9:35 pm: The saga of Islanders prospect Kirill Petrov is nearing the crisis stage. At risk: the proper development of a talented young hockey player who desperately wants to play in North America today.
Here’s where the story is now. Petrov’s team in the KHL, Ak Bars, has now played three regular season games in their 2010-11 season. Of the three, the 6-3 right wing has hit the ice for only one. In that game, Petrov played just 8:10.
In an email, a scout who attended the game wrote to Point Blank, “Petrov looked very, very good. He is young compared to most players in the KHL, but he did not look out of place. For the little time he got, I thought he was one of Kazan’s best players.”
Ak Bars is one of the deepest and dominant teams in the KHL. Petrov has two years remaining on the four-year deal he signed prior to the 2008 NHL Draft. The contract was the reason why such a skilled and powerful forward was available when the Islanders selected him with their third pick in the third round.
At Islanders prospect camp, Petrov stated that his wish was to join the Islanders organization this season. He has become fond of the franchise and comfortable with his teammates. Petrov insisted he had no problem with playing in the minors for a couple of years, if necessary.
It’s doubtful Petrov would have to wait that long. On the first day of rookie camp, one high-ranking member of the Islanders family told Point Blank, “I hope we get Petrov here. He could really help us – soon.” The implication was that Petrov was good enough to see NHL ice this season.
Despite the best efforts of agent Alexander Tynjynch, Petrov has so far been unable to secure his release from Kazan. Reached tonight on his cellphone, a frustrated Tynjynch said that he would continue to pursue a solution for his client “until next week. If nothing then, well…”
Few people, of course, are going to be sympathetic to Petrov. After all, he was the one who signed a committment to Kazan as an 18-year-old for the next four years of his life. He is earning enough money that one NHL team executive, in a conversation with PB, questioned his true commitment to the NHL. The Islanders also knew what they were getting into when they made the low-risk, high-reward pick of Petrov – after non-prospect David Toews and since-traded Jyri Niemi in the third round.
But here’s why this is news, and should be of concern to the Islanders and their fans. If his KHL team won’t set the 20-year-old Petrov free to at least attend Islanders training camp – during a time when Kazan has played him in a total of eight minutes in three games – why would anyone think Petrov will be made available to the Islanders a year from now?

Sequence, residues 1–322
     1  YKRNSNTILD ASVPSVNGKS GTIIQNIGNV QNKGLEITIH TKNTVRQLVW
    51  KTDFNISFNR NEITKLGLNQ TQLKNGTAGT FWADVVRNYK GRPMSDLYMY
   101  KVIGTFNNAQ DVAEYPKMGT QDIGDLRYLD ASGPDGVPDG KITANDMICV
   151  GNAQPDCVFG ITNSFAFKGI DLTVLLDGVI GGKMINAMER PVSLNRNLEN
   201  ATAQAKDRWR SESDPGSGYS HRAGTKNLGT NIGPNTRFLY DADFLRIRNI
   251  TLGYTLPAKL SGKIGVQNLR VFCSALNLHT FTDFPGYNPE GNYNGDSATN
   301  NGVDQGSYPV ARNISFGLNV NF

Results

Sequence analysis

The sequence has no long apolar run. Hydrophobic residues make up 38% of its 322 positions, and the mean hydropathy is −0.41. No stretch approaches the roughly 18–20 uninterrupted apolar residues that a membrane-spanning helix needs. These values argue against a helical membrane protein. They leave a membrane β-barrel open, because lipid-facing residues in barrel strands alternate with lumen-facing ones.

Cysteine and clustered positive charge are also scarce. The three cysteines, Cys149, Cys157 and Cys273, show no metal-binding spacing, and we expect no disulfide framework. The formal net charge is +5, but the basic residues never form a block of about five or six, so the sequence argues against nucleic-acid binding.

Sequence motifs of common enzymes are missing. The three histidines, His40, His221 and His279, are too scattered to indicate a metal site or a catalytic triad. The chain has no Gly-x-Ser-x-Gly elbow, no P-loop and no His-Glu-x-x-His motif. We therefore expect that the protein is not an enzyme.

If Petrov goes four years from his NHL draft date playing limited minutes in the KHL, the Islanders would have a poorly developed player by the time the summer of 2012 comes around. That would be a shame.
The good news? Point Blank asked NHL deputy commissioner Bill Daly if the Islanders could bring the unsigned Petrov to New York at any time, even if the KHL season has already begun. Emailed Daly:
Petrov has to be free of his contractual obligation in Russia before he would be eligible to play in the NHL. But there is no time limit or date by which that must happen.
In other words, if Ak Bars decided – next week, for example – to set Petrov free, he could still become an Islander. For the sake of a high-end talent, hopefully the Islanders, Tynjynch and Ak Bars can reach a settlement.
BOSTON 5 ISLANDERS 2
Nino Niederreiter and Robin Figren scored for the Islanders. Mikko Koskinen was sharp early, stopping 15 of 15 shots in the first, then looked human when the shots kept coming. Calvin de Haan will play better games, starting Thursday in Boston. Kid hadn’t played a game in a while. Travis Hamonic had an assist, won a fight and was iffy on defense. Niederreiter proved that he may want to wait a while until his next fight. David Ullstrom has certainly shown enough to deserve a good look when regular camp opens on Friday.
Like Steve Webb 15 years ago, rookie camp invitee Alex O’Neil is smart enough to make sure – love him or loathe him – everyone is going to know his name. He won his fight and threw a few hits. Jordan Caron had a hat trick for the Bruins. Best of all, as far as we can tell, no one on the visiting team got hurt.
Jack Capuano was the head coach behind the bench, with Eric Cairns and the outstanding teacher in Bridgeport, Pat Bingham, at his side.
Illustration No. 147 that owner Charles Wang is as emotionally-invested in his team as any in the NHL: he traveled to Boston today to watch Islanders prospects play in a pre-season rookie game.
Let me go out on a limb and state that no more than three fellow NHL club owners will travel beyond a few miles to see their teams play in any level of exhibition games this month. It’s possible Wang, who a year ago personally scouted John Tavares and Matt Duchene, is the only one.
But sure, Canada, keep those rumors coming about the Islanders’ owner divesting himself of the team.
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